Invest Atlanta, the city’s economic development agency, voted Thursday to review a $40,000 payment that its nonprofit fundraising arm made to cover luxury airfare for former Mayor Kasim Reed and several of his staff on a trip to South Africa in 2017.
The move came two days after The Atlanta Journal-Constitution and Channel 2 Action News disclosed that federal prosecutors sought records related to the payment in a subpoena sent to City Hall in the expanding corruption investigation.
“It’s important that we get an independent set of eyes and feedback,” said Mayor Keisha Lance Bottoms, chairwoman of Invest Atlanta’s board.
The intensifying scrutiny over the payment comes as the AJC and Channel 2 have obtained new documents that raise more questions about how the transaction was negotiated between Reed and Eloisa Klementich, Invest Atlanta’s CEO.
Reed signed a three-year extension to Klementich’s contract Dec. 29, agreeing to pay her $309,000 a year and guaranteeing her two-years of salary if the new mayor replaces her. The same day, the city wired $40,000 to Partners for Prosperity, Invest Atlanta’s nonprofit.
Four days later, the city generated an invoice asking for the money back. Chief financial officer Jim Beard sent the invoice to Klementich from his personal email account to hers March 1.
Klementich, acting in her capacity of chief financial officer for Partners for Prosperity, wrote a $40,000 check to the city dated March 5, nearly a month before the nonprofit’s board formally approved the payment.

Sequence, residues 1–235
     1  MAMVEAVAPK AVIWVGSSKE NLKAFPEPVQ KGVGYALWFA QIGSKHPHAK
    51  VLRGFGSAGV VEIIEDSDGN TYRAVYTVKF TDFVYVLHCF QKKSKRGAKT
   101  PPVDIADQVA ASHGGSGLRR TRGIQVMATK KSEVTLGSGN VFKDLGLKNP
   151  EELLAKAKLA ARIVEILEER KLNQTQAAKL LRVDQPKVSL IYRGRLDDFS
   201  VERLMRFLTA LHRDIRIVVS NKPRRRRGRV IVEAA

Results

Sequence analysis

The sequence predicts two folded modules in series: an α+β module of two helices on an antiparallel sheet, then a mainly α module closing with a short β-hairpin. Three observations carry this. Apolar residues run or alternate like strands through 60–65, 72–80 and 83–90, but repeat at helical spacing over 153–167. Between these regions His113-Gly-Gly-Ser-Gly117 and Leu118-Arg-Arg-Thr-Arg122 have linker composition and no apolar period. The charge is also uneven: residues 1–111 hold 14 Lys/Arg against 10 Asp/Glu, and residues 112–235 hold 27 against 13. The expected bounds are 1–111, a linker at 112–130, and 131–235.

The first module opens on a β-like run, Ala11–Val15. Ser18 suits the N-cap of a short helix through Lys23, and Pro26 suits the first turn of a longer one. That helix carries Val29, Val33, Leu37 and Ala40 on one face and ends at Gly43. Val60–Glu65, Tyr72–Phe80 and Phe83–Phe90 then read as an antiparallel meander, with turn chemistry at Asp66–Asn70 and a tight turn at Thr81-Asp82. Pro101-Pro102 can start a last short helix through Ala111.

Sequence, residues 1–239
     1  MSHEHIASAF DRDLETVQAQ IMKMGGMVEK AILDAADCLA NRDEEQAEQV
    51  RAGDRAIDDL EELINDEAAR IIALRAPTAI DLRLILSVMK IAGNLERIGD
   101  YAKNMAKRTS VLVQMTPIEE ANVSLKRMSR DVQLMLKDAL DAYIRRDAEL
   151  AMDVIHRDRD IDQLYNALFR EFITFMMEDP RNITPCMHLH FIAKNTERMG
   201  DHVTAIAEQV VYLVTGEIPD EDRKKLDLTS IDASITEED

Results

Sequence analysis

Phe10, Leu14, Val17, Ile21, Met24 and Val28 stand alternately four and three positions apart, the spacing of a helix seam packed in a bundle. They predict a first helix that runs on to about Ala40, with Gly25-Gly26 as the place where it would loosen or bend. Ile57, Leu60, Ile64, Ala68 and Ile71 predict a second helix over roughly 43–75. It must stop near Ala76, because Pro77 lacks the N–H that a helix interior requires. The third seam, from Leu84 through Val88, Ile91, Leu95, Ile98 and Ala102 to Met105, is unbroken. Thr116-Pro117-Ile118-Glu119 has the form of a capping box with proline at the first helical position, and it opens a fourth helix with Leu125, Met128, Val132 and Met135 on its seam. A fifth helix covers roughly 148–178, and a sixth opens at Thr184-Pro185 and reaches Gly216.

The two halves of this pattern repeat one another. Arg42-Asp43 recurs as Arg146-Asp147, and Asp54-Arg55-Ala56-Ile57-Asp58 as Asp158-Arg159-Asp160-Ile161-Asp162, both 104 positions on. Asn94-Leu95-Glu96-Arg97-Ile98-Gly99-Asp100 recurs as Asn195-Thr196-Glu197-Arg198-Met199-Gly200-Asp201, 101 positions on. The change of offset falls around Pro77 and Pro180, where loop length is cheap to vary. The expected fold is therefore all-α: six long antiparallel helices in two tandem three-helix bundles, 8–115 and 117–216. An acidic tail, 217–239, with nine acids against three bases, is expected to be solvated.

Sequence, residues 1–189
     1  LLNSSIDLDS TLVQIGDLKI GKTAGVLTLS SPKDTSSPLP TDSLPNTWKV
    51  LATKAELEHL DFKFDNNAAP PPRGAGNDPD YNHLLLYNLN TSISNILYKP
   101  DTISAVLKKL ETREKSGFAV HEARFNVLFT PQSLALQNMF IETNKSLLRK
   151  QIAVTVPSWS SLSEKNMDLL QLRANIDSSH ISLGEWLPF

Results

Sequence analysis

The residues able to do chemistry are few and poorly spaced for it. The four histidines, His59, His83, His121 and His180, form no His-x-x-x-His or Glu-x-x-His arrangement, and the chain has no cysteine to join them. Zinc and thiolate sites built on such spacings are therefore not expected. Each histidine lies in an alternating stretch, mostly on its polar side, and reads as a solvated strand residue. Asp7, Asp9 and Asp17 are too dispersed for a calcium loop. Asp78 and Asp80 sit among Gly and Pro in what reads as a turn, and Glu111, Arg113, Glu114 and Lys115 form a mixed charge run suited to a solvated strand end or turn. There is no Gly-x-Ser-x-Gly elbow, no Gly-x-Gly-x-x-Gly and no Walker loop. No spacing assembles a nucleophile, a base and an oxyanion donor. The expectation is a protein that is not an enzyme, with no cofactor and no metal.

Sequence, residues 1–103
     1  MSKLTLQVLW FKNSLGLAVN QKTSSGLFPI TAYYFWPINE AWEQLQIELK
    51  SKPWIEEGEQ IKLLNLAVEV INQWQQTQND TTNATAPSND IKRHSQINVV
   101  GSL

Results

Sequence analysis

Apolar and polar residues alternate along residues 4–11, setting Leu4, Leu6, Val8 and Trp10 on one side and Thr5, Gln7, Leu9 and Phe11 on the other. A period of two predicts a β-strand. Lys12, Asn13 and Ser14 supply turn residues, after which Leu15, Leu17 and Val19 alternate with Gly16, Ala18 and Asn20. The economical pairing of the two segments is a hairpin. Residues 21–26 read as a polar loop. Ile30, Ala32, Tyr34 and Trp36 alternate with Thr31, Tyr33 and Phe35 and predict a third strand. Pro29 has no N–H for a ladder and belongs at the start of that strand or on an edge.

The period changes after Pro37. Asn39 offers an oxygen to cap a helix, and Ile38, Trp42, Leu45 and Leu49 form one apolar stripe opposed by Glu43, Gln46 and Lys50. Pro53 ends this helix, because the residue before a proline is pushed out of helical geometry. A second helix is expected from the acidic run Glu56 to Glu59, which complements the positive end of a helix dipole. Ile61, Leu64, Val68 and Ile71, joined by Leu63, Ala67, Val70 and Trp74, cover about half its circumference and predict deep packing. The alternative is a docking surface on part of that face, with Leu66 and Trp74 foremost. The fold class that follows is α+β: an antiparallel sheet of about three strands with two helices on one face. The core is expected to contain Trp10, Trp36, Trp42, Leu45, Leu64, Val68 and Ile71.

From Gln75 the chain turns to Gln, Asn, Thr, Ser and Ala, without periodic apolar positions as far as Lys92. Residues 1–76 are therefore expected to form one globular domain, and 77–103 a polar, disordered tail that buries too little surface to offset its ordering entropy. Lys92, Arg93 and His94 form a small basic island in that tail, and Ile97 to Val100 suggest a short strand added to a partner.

Reed spokesman Jeff Dickerson said there was “no quid pro quo associated with Dr. Klementich’s contract and wire transfer.”
“There was no coordination between the two on the part of Mayor Reed,” Dickerson said in response to a question emailed to him by the AJC. “The first time he heard the two occurred on the same day was when informed of the newspaper’s inquiry.
“The former mayor was completely unaware that the two had occurred on the same day, and had nothing to do with the timing.”
Klementich declined to answer questions immediately after the Invest Atlanta meeting Thursday, saying she “had a couple things I need to get to” but that she would “follow up” with the interview requests. A spokesman for Invest Atlanta then took down several questions from the AJC and Channel 2, but did not respond with answers.
Reed’s South Africa trip was controversial almost from the beginning. Channel 2 learned that the $90,000 trip included about $40,000 in travel upgrades for Reed’s staff, and in the fallout Reed pledged to have non-governmental sources cover the difference between expensive business-class airfare and coach.
On Dec. 4, at Reed’s urging, the City Council voted to donate $77,000 to three nonprofits, including Partners for Prosperity. The donations came from an account set up to hold salary raises that Reed had declined to accept. But as the AJC and Channel 2 reported April 4, council members were not told that the $40,000 to Partners for Prosperity would be returned to the city for the South Africa trip.
Two days later, on April 6, prosecutors subpoenaed Atlanta for “all records related or associated with Partners for Prosperity and Eloisa Klementich.”